We got into the water with the stately plump Martello tower on our left, and headed off when the horn sounded.  There were scores of compass jellyfish in the bay, floating around like souls of the damned.  I tried sighting but it was pointless.  I found myself drifting off the right of the group, but was ok with it as the dropping tide seemed to be dragging everyone to the left.  Eventually I found myself swimming on my own, and completely unsure of where I was going.  Never mind that.  Just - Keep - Swimming.  After an eternity of swimming a crew boat pulled up beside me, and pointed out that the Martello tower was now to my right.  I had succeeded in swimming around in a circle, and had not gotten beyond the first leg of the swim. 

At this point I expected them to say "For fuck sake you've made a complete balls of this, just get out of the water now!"  Instead they guided me to the first yellow buoy, and from there on a nice guy on a jet ski said he'd accompany me until I got to my boat.  As I had no idea how much time was wasted perfecting the circle stroke, I just accepted that I was now out of the competition, that everyone in my wave was way ahead of me, so it was just a case of getting on with it and finishing the swim.  Eventually we got to the triangular buoy and there was no sign of my boat.  Mr. Jetski asked what my boat looked like, and I hadn't a clue.  After a minute or so of treading water, we decided to push on, Mr. Jetski saying he'd go all the way to the finish line with me if need be.  So with no support boat, and no feeds, I had no choice but to just keep swimming.

The psychological part of open water swimming is huge.  If those negative thoughts start creeping in about not being capable, they can very quickly become real, and then they can become true.  At this point of the swim, it occurred to me that all this shit going wrong was a sure sign that God hates me and was punishing me for some vaguely sinful aspect of my existence.  This could really doom me if it took root, so I changed my mantra from Just Keep Swimming to God Is Dead.  This put my head at peace, and shortly afterwards my support boat appeared.  If you ever find that prayer isn't working, I heartily recommend actively denying the existence of God, it's far more effective!

From here on in the water was rougher, but it was just a matter of keep following the boat until I got to shore.  The feeds were at half hour intervals and it broke the time up perfectly.  After a number of feeds John excitedly told me that there was only 1km left!  Brilliant.  I put the head down and kept swimming and swimming and swimming.  It didn't feel like I was making great progress, but assured myself that whatever was left was only hundreds of metres, so just keep swimming with long and strong strokes.  After a while I saw that John was preparing another feed, which could hardly be right.  When he threw the bottle at me, he apologised and said that now there is only 1k left, the last time was actually 2k.  After everything that had happened so far I couldn't be mad at him, lauged it off, put my head down and just kept swimming.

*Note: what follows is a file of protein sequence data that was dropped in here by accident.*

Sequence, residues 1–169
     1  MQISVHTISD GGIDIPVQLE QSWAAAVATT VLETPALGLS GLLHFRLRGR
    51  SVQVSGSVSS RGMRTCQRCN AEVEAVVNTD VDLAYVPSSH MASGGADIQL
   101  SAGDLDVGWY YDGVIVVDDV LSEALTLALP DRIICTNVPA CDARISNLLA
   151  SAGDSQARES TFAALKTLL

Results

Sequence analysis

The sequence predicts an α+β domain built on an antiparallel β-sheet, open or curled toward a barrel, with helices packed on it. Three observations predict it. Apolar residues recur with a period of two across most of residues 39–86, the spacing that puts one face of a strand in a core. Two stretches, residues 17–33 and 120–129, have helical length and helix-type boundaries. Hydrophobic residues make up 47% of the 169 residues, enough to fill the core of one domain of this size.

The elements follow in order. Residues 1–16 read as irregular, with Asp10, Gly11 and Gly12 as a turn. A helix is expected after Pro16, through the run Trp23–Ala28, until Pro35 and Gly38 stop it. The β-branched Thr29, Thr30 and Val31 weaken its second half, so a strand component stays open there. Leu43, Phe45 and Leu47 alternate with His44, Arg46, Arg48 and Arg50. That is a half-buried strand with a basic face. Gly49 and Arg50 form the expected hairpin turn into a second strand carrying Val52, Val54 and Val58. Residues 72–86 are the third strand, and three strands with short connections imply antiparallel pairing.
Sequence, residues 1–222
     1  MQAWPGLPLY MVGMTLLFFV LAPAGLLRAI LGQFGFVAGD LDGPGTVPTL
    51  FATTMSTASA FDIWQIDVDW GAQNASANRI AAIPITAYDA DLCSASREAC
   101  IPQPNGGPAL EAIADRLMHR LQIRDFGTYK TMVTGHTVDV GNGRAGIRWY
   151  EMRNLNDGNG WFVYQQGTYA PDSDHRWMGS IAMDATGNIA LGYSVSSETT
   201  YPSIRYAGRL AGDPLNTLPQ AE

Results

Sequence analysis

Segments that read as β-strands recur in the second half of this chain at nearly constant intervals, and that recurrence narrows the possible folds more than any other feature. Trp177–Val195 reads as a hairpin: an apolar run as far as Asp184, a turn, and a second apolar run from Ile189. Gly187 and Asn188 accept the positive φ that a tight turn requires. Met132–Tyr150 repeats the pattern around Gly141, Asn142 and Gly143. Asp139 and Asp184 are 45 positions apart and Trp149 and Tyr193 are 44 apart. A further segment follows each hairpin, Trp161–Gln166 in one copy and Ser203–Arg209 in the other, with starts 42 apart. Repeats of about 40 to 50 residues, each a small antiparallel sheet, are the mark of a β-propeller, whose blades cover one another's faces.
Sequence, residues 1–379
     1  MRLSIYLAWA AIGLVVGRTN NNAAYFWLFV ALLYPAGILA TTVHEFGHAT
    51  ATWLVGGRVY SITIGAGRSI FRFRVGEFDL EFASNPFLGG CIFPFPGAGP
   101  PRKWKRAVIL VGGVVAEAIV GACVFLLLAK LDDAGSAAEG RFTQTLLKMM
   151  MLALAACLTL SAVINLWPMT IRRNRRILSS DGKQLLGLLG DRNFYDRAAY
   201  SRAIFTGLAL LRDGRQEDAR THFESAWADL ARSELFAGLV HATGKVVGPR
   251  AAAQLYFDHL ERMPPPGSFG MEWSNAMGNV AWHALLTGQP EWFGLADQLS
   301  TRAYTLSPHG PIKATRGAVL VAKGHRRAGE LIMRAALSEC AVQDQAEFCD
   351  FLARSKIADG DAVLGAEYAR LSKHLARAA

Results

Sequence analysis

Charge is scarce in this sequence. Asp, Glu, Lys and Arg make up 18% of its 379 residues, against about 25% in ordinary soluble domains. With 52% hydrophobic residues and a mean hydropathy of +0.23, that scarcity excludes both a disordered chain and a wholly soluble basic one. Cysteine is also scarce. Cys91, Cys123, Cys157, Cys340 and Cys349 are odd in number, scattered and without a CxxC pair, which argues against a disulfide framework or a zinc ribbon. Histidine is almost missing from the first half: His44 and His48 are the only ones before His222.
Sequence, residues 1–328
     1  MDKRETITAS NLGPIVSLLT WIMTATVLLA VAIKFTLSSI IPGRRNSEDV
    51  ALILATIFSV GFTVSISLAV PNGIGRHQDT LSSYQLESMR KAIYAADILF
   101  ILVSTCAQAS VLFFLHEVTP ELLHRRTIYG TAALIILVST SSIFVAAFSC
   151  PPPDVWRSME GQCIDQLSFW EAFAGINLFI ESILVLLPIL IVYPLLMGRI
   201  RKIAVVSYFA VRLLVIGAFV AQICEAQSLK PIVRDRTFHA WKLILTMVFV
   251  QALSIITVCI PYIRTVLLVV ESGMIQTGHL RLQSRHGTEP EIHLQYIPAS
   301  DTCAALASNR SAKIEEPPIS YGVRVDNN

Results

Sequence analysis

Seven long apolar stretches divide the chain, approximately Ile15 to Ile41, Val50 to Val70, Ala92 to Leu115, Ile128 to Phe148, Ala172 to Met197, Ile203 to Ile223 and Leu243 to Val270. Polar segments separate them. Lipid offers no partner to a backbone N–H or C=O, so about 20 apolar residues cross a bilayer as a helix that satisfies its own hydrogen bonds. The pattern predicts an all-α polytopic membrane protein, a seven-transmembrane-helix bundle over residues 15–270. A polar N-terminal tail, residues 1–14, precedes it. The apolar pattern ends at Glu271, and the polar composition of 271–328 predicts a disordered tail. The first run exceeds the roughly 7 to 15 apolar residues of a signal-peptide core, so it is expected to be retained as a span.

After some serious ploughing through waves the diving platform became visible, and for the first time that day I had a clear line of sight.  Fearing that there might be other swimmers close by, I put the boot down and hammered through the last few hundred metres.  A teenage paddle boarder sat with his back to me as I came closer to shore.  He didn't see me coming, but was in my way so I just tore through him.  I heard my name being called out on the PA as I climbed up the steps.  When I got to the top, someone put a towel around my shoulders, and I walked off to get dressed feeling like Elvis having just stepped off stage.

Thanks to:
John for being the greatest one man crew anyone could ever have asked for; Sean and the family Harte for the boat, dinner and the craic; Ned Denison and his torture week for getting me match fit; Gavan for the spare room the night before; Big L for the inspiration, support, and buns; assorted Sandycovers, Myrtlevillains, and Cork Tri swimmers for training with me throughout the year; and finally Friedrich Nietzsche for my new swimming mantra!